By B.N. Frank
Companies collecting customers’ personal data via “Surveillance Capitalism” seems to be the new depressing normal. Of course, the more we learn about this – the more depressing it is. Many people are still not aware though of exactly how much personal data is being collected by their devices as well as other technology installed in communities in the U.S. and worldwide. Much has been reported about this and continues to be reported – recently by Mercola.com:
Two scholars who analyzed the Google Nest thermostat contract concluded that a consumer who is even a little bit vigilant about how their consumption data is being used would have to review 1,000 privacy contracts before installing a single thermostat in their home.
Modern cars are also being equipped with multiple cameras that feed Big Data. As noted in the film, the average new car has 15 cameras, and if you have access to the data of a mere 1% of all cars, you have “knowledge of everything happening in the world.”
Of course, those cameras are sold to you as being integral to novel safety features, but you’re paying for this added safety with your privacy, and the privacy of everyone around you.
Pandemic Measures Are Rapidly Eroding Privacy
The current coronavirus pandemic is also using “safety” as a means to dismantle personal privacy. As reported by The New York Times, March 23, 2020:
The pandemic is now being used as an excuse for more surveillance and data collection (see 1, 2). The depressing thing is – more surveillance and data collection was actually planned even before the pandemic.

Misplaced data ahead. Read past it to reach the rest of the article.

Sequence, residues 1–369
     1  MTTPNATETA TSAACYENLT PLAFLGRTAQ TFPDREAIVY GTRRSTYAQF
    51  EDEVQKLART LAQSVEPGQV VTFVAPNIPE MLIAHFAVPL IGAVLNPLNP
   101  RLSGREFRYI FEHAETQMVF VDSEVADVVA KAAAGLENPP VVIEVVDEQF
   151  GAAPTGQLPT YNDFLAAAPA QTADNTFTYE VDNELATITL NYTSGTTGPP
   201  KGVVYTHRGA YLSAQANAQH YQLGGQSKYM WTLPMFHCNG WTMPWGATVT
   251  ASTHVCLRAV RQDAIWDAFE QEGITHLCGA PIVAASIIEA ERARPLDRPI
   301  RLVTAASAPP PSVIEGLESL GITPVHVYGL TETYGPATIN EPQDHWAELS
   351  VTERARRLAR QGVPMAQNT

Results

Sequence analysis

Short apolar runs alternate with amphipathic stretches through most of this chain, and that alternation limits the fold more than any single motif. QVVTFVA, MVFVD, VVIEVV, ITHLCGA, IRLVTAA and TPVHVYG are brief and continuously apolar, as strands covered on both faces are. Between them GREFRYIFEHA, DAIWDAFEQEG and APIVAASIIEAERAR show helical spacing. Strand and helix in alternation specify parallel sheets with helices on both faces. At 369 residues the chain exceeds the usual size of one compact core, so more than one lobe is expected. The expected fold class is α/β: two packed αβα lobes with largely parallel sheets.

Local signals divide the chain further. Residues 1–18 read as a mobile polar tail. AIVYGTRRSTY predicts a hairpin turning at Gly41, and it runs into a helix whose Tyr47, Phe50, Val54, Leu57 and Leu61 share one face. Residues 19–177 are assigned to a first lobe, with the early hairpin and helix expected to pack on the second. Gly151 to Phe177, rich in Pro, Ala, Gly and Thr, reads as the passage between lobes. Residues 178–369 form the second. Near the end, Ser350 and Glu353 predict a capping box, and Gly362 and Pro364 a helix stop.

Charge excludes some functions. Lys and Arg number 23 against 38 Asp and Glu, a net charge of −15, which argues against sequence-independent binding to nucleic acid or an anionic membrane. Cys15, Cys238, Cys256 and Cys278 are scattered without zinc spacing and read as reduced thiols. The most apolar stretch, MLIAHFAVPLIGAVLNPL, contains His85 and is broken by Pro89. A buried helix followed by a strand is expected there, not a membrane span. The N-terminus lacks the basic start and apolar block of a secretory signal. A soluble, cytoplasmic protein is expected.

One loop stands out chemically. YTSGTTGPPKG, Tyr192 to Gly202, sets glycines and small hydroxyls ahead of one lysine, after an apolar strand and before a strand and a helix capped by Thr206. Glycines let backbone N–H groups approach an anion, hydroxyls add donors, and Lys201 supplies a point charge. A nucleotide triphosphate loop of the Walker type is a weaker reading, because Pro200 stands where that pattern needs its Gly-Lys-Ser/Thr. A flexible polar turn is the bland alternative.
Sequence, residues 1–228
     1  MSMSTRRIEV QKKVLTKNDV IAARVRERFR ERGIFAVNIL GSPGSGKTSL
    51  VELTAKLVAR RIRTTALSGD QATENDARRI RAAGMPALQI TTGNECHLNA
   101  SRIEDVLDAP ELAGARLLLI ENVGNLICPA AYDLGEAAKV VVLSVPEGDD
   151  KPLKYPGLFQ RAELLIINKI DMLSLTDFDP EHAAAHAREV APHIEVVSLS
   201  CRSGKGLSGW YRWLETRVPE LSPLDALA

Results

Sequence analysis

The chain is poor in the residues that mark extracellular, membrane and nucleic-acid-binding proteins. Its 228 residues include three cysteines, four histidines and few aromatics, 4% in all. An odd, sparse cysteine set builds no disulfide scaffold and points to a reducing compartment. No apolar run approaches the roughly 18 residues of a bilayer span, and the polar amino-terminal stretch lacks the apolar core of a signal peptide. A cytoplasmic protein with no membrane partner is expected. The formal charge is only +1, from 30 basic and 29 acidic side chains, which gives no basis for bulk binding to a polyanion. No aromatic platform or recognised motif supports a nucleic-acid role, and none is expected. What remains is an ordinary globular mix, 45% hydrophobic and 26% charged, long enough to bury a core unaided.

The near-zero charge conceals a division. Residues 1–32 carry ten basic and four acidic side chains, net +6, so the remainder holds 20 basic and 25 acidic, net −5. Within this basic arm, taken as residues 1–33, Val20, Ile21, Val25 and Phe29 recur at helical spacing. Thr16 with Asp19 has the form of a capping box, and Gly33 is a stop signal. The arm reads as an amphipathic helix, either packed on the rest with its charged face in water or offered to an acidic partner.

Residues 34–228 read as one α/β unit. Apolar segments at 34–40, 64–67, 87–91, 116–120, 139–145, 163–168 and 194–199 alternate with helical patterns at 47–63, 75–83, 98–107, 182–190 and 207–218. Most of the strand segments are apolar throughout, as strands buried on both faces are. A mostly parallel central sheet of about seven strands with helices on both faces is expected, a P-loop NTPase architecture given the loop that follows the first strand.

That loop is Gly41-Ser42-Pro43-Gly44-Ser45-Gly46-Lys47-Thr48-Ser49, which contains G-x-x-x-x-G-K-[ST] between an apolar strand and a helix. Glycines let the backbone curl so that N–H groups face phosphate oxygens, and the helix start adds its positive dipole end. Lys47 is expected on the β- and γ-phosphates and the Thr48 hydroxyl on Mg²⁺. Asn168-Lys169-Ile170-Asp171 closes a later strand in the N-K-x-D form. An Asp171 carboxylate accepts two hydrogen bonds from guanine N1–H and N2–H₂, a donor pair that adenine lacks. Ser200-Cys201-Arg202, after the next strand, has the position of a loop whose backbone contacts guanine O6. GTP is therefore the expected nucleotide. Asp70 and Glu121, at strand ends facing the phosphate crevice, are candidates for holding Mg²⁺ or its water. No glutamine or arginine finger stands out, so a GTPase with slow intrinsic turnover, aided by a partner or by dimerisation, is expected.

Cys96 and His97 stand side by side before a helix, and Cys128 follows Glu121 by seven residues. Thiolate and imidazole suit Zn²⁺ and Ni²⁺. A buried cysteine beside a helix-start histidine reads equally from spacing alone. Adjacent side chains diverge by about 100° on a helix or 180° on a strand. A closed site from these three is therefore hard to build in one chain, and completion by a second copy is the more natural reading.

Activist Post Recommended Book: The Age of Surveillance Capitalism
Electric, gas, and water “Smart” Meters are also a form of “Surveillance Capitalism.” They collect customer usage data 24/7. Since tens of millions have been installed on homes and throughout communities worldwide, they’ve probably been installed on your home and throughout your community too. Utility companies want customer data so they can analyze it and try to sell their customers additional products and services. They also want customer data so they can sell to 3rd parties that will also try to sell customers additional products and services. It’s all very yucky. Even worse – these meters are so expensive and problematic (this includes fires and explosions) that utility customers and some elected officials have opposed their installation since they started being “rolled out” years ago. Opposition to these horrible meters continues to increase worldwide (see 1, 2, 3, 4, 5, 6).
Activist Post reports regularly about invasive and unsafe technology. For more information visit our archives.
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